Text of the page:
The quadrennial wave generates an El Niño event at the end of its eastward phase propagation, the merging of warm waters from the western Pacific and cold waters of the eastern Pacific stimulating evaporation processes. ENSO (El Niño Southern Oscillation) has a major climatic impact by producing a noticeable warming phenomenon at mid or even high latitudes for a few months. Its average period is 4 years, but it undergoes a strong variability which reflects the specific dynamics of the quadrennial wave. ENSO may occur in the central or eastern Pacific depending on the expected date of occurrence compared to a regular 4-year cycle. It can be followed by La Niña during the recession of the quadrennial wave to the west when it stimulates upwelling of deep cold waters off the Peruvian and Chilean coasts.
At longitude 180 ° W, that is to say at the most westerly point of the central-eastern equatorial antinode, subsurface water temperature anomalies precede of 8-7 months the maturation phase of ENSO. Thanks to the network of anchored probes immersed in the first hundreds of meters of the tropical Pacific it is therefore possible to predict ENSO events by simply observing the temperature of seawater where the thermocline oscillates. The date of occurrence of the anomaly and its amplitude make it possible to specify the type and intensity of the El Niño event being forming.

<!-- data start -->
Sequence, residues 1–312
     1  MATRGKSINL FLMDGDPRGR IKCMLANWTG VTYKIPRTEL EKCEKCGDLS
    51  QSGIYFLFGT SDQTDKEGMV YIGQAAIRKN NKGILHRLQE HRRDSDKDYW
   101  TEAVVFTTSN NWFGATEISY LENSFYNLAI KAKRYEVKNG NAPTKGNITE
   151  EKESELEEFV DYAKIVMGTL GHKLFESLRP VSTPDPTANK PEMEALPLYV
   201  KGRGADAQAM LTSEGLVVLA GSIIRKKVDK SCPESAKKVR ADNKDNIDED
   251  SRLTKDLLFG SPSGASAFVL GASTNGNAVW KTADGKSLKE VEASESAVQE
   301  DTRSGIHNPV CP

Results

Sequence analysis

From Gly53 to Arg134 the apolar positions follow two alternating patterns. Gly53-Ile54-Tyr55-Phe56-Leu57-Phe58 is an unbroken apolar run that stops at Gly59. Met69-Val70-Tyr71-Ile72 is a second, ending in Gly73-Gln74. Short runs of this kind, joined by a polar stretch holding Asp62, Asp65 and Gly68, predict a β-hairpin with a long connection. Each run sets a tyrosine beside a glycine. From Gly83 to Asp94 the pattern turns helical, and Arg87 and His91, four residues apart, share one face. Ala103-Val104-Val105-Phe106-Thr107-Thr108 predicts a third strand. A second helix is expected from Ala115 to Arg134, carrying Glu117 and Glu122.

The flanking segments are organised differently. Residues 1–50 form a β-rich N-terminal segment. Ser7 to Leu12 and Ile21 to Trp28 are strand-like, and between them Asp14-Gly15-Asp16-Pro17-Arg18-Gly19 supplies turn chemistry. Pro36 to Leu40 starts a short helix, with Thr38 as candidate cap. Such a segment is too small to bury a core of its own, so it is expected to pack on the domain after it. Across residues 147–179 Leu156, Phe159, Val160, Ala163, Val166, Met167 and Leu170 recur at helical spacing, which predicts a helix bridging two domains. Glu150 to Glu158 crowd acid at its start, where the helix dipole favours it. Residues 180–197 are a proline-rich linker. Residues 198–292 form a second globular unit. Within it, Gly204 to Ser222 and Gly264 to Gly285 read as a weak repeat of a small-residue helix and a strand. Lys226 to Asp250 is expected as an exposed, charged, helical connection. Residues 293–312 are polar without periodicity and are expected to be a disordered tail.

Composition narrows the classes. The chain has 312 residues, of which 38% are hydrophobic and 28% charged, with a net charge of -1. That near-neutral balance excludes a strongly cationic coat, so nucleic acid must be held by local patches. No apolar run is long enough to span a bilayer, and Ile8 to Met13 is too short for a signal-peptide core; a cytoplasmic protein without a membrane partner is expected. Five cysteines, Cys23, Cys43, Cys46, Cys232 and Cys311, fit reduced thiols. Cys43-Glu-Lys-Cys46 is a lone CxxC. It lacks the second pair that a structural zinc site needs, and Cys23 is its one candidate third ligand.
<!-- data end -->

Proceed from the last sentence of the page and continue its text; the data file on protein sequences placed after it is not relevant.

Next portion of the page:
The intensity of ENSO varied widely during the Holocene, weakening, and then recovering. This suggests a strong interaction with the north-equatorial and south-equatorial current of the North- and South-Pacific subtropical gyres.
The linear growth, attributable to human activities, of the surface temperature observed since 1970 being of the order of 0.8 to 1 ° C, everything suggests that the average temperature will further increase by almost 1 ° C during the next 50 years if the increase in greenhouse gas production does not weaken. Under these conditions, the global temperature increase of 1.5 ° C set by the Paris agreements would be reached in 2045.
Despite the efforts of the IPCC, huge uncertainties remain regarding the forecasts of climate change at the regional scale, according to the different scenarios relating to the evolution of greenhouse gas emissions, but also because of the weakness of mid- and long-term climate models. But the trends we are currently seeing can only continue, if not worsen. There is no doubt that humanity will have to adapt while drastically reducing its combustion gas emissions by speeding up the ecological transition.
I praise the sagacity and the clairvoyance of climatologists who put forward the hypothesis of anthropogenic warming from the 80s. The precursor works of Arrhenius were of no use since the required physical bases were not yet established at the end of the 19th century. Little was known about the feedback mechanisms, which precluded any quantitative approach to the evolution of mean surface temperature. Numerous forces have protested against what may have seemed intuitive, even misleading, and fundamentally called into question the evolution of our society. Over 30 years have passed, and climate science has made a tremendous leap, confirming, and specifying the premonitions.